I heard Haroon Moghul speak about his new book, How to be a Muslim, on “Fresh Air” and was moved to read it.
Little did I know how much his story would teach me about myself.
Mr. Moghul is a Fellow in Jewish-Muslim Relations at Shalom Hartman Institute of North America, a contributor at the Center for Global Policy, and an academic and speaker on Islam. He grew up in a traditional Muslim-American family in Western Massachusetts. That traditional upbringing caused a great deal of inner turmoil in his youth as he navigated adolescence and all the usual hormonal conflicts that arise.
Being eventually diagnosed with bipolar disorder did not help. His guilt about questioning his faith, questioning Allah, questioning relationships with non-Muslim girls, and having a neuro-biological disease brought him to the brink of suicide.
How he pushed through it all, and despite (or because) of it all being a successful organizer of Islamic centers for students and speaker on Islam, is important reading for understanding not only Islam, but also for understanding any faith journey.
Perhaps Mr. Moghul didn’t plan his book so, but that is what it brought to this reader.
Even as I listened to his interview with Terry Gross, I couldn’t help but think about being raised Catholic in the 1950s and ‘60s and the tremendous burden of guilt weekly sermons told me I must shoulder. The guilt was enhanced, I have since learned, by the disease of depression from which I have suffered since a small child.
It was when an elderly priest yanked me from a praying position and slapped me for not wearing a hat in church, not long before Vatican II decreed that women didn’t need to wear hats in church, that I vowed to brush Catholicism off my feet and move on.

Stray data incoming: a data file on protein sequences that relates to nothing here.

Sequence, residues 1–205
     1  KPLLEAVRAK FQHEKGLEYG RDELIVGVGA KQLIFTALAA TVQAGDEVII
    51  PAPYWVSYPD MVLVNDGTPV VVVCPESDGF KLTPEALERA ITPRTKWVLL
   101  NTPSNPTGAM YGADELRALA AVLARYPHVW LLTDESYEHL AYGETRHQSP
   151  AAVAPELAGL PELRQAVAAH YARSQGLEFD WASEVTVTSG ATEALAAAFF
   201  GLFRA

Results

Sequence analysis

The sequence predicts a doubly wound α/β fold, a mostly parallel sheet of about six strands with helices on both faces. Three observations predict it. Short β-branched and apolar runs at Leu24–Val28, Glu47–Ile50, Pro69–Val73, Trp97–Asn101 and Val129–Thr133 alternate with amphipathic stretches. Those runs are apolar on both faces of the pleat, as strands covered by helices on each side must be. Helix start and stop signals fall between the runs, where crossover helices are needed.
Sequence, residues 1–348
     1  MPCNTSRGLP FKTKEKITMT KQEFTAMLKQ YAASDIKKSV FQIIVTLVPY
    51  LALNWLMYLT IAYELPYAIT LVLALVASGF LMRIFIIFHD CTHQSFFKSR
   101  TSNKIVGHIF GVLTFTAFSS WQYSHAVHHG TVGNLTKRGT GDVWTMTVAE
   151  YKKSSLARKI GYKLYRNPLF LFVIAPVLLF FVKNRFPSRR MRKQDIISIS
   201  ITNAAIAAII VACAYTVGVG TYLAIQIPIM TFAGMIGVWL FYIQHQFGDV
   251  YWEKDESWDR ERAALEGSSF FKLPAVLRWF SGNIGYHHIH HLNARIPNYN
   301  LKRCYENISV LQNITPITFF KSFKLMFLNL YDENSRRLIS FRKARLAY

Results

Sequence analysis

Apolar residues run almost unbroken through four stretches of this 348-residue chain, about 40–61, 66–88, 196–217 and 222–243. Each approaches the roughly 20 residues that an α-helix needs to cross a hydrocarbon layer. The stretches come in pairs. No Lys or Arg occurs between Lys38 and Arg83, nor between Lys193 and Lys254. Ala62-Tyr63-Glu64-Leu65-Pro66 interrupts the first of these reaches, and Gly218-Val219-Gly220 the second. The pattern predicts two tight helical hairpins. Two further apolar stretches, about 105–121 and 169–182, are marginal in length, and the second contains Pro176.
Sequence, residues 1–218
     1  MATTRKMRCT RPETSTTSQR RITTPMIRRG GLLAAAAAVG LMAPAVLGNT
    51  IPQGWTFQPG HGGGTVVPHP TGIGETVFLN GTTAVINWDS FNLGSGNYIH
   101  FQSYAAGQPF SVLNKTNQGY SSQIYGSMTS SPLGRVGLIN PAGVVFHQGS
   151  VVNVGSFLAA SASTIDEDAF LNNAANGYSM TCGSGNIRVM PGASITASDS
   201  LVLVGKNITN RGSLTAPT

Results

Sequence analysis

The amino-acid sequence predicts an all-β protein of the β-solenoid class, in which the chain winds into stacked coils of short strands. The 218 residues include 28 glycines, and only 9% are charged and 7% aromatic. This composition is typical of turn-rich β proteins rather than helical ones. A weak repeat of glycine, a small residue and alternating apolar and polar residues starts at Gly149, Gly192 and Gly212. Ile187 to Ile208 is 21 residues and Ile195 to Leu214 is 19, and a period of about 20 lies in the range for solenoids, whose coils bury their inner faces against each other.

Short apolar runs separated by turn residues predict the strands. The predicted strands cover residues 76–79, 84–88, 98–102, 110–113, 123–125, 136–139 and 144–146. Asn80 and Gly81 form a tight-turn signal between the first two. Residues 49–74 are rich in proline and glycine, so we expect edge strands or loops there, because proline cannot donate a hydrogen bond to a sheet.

The trouble was, I confused Christianity with Catholicism. And even as I trumpeted my unbelief, I realized that I wouldn’t be yelling at God if I didn’t fundamentally believe in God. And through it all, I still knew in my heart and soul that Jesus the Christ was my shepherd.
At one point in Mr. Moghul’s seeking for health and wholeness, a therapist told him to try spending just five minutes a day with Allah. As I was reading the book, and believing myself happily faithful now in my Episcopal/Lutheran church, I realized that my anger about American politics and racism and white supremacy was undermining my faith. I had lulled myself into thinking that the prayers I say each morning were holding me in a good place. But many days the prayers were said automatically and without intention.
So I took a cue from Mr. Moghul and started reading Morning Prayer from the New Zealand Book of Common Prayer again. I started talking to Jesus about my anger and my anguish at the state of the nation. Oh, what a blessed difference it made! I’m still angry and my Twitter account shows it, but beginning the day with an organized routine of prayer has allowed light in that helps me channel the anger and keep depression from overwhelming me. I can push back against the darkness; as Dr. Martin Luther King Jr. said, “Darkness cannot drive out darkness; only light can do that. Hate cannot drive out hate; only love can do that.”
Of course, Mr. Moghul’s book is not about me, and the world’s problems are not about me. Yet it is impossible to resist the darkness when everything around seems dark, whether that darkness comes from neuro-biological illnesses or the state of the world. I do think that is what Mr. Moghul writes about, and it is what he helped me see.
So I thank Mr. Moghul and I thank Him/Her, the Eternal Spirit, the Father and Mother of us all who draws us from darkness into light.